• Different organisational approaches to the provision of care services, including cooperatives and community-based provision; 
  • Proposals of feminist and women’s groups to expand the public provision and financing of care;
  • Specific measures to improve the wages and working conditions of frontline health care workers;
  • Experiences in incentivizing government and private sector stakeholders to scale up the provision of quality care services;
  • Recommendations for shifting social narratives to value women’s unpaid care work and economic rights;
  • Proposals and strategies to recognize different kinds of care needs, including for mental health and for the differently-abled;
  • The role of feminist organizing in various contexts, including in labor rights movements;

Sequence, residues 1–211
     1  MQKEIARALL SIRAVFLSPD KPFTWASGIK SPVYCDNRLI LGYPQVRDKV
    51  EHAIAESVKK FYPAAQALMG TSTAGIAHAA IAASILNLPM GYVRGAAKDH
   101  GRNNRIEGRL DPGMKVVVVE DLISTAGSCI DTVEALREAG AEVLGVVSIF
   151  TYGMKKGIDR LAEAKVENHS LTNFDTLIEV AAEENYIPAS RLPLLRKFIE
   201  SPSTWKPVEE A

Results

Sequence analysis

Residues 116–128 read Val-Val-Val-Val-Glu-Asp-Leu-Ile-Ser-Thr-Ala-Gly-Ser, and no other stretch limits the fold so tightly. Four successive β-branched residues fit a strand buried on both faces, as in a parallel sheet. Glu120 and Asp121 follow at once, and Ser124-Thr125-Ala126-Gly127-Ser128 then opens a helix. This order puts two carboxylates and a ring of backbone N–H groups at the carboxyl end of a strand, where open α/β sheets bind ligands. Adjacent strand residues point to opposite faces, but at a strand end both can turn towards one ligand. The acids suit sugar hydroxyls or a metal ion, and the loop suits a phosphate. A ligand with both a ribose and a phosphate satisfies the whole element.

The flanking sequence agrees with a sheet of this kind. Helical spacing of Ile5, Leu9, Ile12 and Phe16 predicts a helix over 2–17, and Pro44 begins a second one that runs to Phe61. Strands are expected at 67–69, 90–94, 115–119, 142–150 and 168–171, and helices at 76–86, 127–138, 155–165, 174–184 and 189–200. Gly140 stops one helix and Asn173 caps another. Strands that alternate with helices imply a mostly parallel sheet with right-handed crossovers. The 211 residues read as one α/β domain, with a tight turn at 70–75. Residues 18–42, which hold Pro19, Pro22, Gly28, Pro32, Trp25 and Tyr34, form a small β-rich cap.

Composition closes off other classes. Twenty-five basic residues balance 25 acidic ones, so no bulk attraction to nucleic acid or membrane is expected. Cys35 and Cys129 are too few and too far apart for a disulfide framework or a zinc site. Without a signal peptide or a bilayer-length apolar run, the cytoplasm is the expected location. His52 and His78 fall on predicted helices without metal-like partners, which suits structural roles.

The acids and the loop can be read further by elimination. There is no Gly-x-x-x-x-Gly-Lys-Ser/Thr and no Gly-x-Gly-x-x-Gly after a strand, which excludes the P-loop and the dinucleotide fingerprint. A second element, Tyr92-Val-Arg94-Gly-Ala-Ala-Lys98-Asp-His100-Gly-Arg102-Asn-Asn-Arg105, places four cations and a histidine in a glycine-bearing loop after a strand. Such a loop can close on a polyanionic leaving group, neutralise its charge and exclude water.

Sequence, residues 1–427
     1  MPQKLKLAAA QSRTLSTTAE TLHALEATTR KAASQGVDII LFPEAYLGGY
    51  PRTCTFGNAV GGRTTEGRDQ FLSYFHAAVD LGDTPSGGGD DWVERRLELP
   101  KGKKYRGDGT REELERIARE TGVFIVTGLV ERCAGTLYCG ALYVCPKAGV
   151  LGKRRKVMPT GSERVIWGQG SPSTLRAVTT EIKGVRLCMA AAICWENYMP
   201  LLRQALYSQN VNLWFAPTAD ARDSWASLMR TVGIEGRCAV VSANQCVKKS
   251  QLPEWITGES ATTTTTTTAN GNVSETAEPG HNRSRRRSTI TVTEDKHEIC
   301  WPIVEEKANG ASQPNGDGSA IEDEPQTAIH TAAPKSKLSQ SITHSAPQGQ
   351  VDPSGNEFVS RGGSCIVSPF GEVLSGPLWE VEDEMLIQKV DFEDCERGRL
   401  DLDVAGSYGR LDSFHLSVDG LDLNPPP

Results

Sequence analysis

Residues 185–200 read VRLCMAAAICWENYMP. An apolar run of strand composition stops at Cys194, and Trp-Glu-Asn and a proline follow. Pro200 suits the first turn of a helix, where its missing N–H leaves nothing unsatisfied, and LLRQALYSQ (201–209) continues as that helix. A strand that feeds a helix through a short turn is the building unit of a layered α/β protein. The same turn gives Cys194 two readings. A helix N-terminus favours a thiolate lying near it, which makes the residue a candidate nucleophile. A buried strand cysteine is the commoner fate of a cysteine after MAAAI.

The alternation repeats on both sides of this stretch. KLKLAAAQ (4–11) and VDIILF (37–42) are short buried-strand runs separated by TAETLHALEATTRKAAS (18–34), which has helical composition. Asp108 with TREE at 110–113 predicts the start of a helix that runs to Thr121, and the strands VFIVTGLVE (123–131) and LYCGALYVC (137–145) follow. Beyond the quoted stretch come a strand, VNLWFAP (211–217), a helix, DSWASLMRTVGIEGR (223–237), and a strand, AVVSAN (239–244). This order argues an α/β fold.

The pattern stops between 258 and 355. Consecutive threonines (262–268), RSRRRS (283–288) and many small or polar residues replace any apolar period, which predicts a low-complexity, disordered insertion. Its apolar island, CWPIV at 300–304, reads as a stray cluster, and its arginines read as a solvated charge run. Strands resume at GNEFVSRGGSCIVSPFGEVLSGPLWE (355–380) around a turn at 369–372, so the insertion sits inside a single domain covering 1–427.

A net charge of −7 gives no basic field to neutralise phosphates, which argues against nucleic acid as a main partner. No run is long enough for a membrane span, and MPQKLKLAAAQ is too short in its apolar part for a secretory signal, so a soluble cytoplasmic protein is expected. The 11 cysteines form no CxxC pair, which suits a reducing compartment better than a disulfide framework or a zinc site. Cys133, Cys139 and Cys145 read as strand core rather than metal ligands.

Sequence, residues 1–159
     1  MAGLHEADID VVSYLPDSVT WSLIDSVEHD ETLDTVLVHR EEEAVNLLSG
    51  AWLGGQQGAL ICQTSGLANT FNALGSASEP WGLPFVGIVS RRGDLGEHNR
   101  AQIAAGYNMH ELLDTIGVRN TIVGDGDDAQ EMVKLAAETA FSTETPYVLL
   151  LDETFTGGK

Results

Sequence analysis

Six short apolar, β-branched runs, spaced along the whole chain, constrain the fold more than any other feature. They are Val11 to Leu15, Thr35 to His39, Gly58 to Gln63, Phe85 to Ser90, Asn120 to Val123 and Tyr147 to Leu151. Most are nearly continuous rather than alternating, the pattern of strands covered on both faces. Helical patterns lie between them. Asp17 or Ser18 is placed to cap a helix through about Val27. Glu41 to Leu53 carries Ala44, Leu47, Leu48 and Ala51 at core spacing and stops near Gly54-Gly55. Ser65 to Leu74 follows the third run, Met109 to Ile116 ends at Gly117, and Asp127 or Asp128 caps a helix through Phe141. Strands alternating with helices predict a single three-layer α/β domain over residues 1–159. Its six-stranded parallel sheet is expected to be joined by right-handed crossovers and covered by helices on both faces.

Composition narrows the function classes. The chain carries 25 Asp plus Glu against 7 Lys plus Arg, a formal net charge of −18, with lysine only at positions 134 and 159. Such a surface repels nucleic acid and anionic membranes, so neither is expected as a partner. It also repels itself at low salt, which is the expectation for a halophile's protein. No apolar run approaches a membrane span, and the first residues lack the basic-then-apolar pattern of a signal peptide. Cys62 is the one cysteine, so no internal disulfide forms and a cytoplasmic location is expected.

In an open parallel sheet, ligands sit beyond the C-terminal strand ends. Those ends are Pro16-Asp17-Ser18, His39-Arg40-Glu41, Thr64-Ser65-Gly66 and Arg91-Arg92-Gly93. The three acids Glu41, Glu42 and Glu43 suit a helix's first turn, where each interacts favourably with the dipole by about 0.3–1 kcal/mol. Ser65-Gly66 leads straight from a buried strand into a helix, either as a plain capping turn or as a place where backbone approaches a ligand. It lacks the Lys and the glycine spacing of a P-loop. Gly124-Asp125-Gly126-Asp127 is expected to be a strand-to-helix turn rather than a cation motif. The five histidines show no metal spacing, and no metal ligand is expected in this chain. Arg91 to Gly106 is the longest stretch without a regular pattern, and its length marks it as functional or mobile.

• Improving conditions of and empowering migrant care workers;
  • Experiences and lessons learned from initiatives which advance women’s economic rights across a range of alternative economic sectors that hold potential for facilitating an inclusive global economic recovery;
  • Strategies to increase women’s economic participation in decent work;
  • Innovative and transformative practices and approaches to support the rights of women informal workers; and
  • Any other related topics.

Submissions

G&D is a unique journal which acts as a forum for the sharing of analysis and experiences between feminist and women activists involved in research, policy and practice in the areas of development and humanitarian aid. For more information on the journal, visit: www.genderanddevelopment.org.